AP Biology : Endocrine System


Growth hormone GH stimulates the growth of bone and other tissues in the human body. The hypothalamus is very important in the release of GH through the release of growth-hormone-releasing hormone GHRHwhich causes release of GH from another endocrine gland. The posterior pituitary is responsible for antidiuretic hormone ADH and oxytocin release. The thyroid releases thyroid hormones T3 and T4which control metabolic rates. The pancreas releases glucagon and insulin to control blood sugar levels. Which endocrine gland in the brain regulates the release of hormones from the anterior pituitary? The hypothalamus releases hormones that control the release of hormones from the anterior pituitary, which in turn controls the release of hormones from other endocrine glands. The anterior pituitary is also controlled by several negative feedback systems based on hormones released throughout the body and their effects. Follicle-stimulating hormone FSH and luteinizing hormone LH are both released from the anterior pituitary. Gonadotropin-releasing hormone GnRHreleased from the hypothalamus, is responsible for regulating follicle-stimulating hormone and luteinizing hormone release. Thyroid-stimulating hormone TSH is released from the anterior pituitary and stimulates release of T3 and T4 from the thyroid. Cortisol is a hormone secreted by the adrenal cortex. The adrenal cortex is first stimulated by adrenocorticotropic hormone, which is secreted from the anterior pituitary gland. Signals from the hypothalamus go to the posterior pituitary gland, which is located at the base of the hypothalamus. The pituitary consists of two lobes anterior and posteriorwhich function independently. The anterior and posterior pituitary produce a collection of hormones that are key to endocrine signaling throughout the body. The posterior pituitary will only secrete hormones when stimulated by the hypothalamus. The anterior pituitary gland contains endocrine cells that release hormones through the hypothalamic-hypophyseal axis. Prolactin controls milk production and contributes to regulation of the immune system. Of the listed hormones, prolactin is the only hormone released from the anterior pituitary. Insulin and glucagon are secreted by the pancreas. Cortisol is released by the adrenal cortex; epinephrine is released by the adrenal medulla. Melatonin is secreted by the pineal gland, which is also in the brain. The function of melatonin is not yet certain, but current research hints that it plays functions in regulation of the circadian rhythm. All other hormones are indeed secreted by the pituitary gland. The posterior pituitary only secretes oxytocin and vasopressin antidiuretic hormone. The hypothalamus actually creates these hormones and stores them in the posterior pituitary. The hypothalamus is a structure in the brain responsible for homeostatic control over much of the body. It is responsible for maintaining core body temperature within normal levels. There are special neurons located within the hypothalamus that respond to changes in body temperature. The hypothalamus then sends out signals to the result of the body in response to changes in temperature.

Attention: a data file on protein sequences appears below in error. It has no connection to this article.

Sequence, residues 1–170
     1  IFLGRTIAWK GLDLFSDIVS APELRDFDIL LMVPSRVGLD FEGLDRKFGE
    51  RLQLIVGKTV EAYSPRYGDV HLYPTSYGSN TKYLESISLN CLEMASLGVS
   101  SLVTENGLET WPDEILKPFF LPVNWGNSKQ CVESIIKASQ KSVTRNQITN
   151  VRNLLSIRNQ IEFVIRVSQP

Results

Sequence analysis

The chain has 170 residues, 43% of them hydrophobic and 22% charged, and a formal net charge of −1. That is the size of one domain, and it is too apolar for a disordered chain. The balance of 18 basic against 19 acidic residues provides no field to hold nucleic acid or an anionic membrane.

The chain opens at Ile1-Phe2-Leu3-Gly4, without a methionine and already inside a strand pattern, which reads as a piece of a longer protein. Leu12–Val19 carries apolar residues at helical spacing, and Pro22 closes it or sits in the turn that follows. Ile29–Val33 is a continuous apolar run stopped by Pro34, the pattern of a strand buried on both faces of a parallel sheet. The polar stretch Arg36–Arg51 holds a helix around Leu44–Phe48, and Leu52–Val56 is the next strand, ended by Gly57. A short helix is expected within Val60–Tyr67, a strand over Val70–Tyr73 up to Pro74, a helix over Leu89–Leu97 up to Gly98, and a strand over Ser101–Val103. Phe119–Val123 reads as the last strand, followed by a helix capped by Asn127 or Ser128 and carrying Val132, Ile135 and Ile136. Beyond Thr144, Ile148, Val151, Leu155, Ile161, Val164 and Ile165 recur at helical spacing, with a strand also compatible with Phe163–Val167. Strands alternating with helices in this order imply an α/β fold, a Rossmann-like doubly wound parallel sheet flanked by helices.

Endocrine System Quiz/Worksheet

Biology, Other Sciences. Played 64 times. Print Share Edit Delete. Live Game Live. Finish Editing. This quiz is incomplete! To play this quiz, please finish editing it. Delete Quiz. Question 1. A group of lipid-based chemicals synthesized by most tissue cells that act as local messengers. Hormone that is structurally related to cholesterol and are lipid soluble. Ductless gland that secretes one or more hormones into the bloodstream. A condition caused by a failure of the adrenal cortex to secrete sufficient cortisol and aldosterone. Cushing's syndrome. Addison's disease. Hormone released by the parathyroid glands that regulates blood calcium levels. External portion of the adrenal gland; its primary hormones, aldosterone and cortisol, influence inflammation, metabolism, interstitial fluid volume, and other functions. Disease caused by too much cortisol from excessive production of glucose from glycogen and protein, and retention of too much salt; causes fat accumulation in certain areas of the body including the face, abdomen, and back of the neck. A hormone secreted by the pancreas that enhances the uptake of glucose by cells, thus lowering blood glucose levels. A type of cell in the hypothalamus that essentially functions as both a nerve cell and an endocrine cell because it generates nerve impulses and releases hormone into blood vessels. A chemical messenger molecule secreted by an endocrine gland or cell into the bloodstream that has effects on specific target cells throughout the body. An intracellular messenger molecule generated by the binding of a chemical messenger hormone or neurotransmitter to a plasma membrane receptor on a cell's outer surface; mediates intracellular responses to an extra-cellular first messenger. Body system that includes all of the hormone-secreting organs and glands; involved in coordination and control of body activities. Organ located behind the stomach; secretes digestive enzymes and bicarbonate into the small intestine and the hormones insulin and glucagon into the bloodstream. Substance produced by basophils and mast cells that causes vasodilation and increases vascular permeability. A hormone secreted by the pineal gland that seems to synchronize our body's daily rhythms and may induce sleep. Glucocorticoid produced by the adrenal cortex, also called hydrocortisone, that during fasting assists in maintaining blood glucose levels by promoting the utilization of fats by increasing the breakdown of protein to amino acids in muscle.

A&P Endocrine Quiz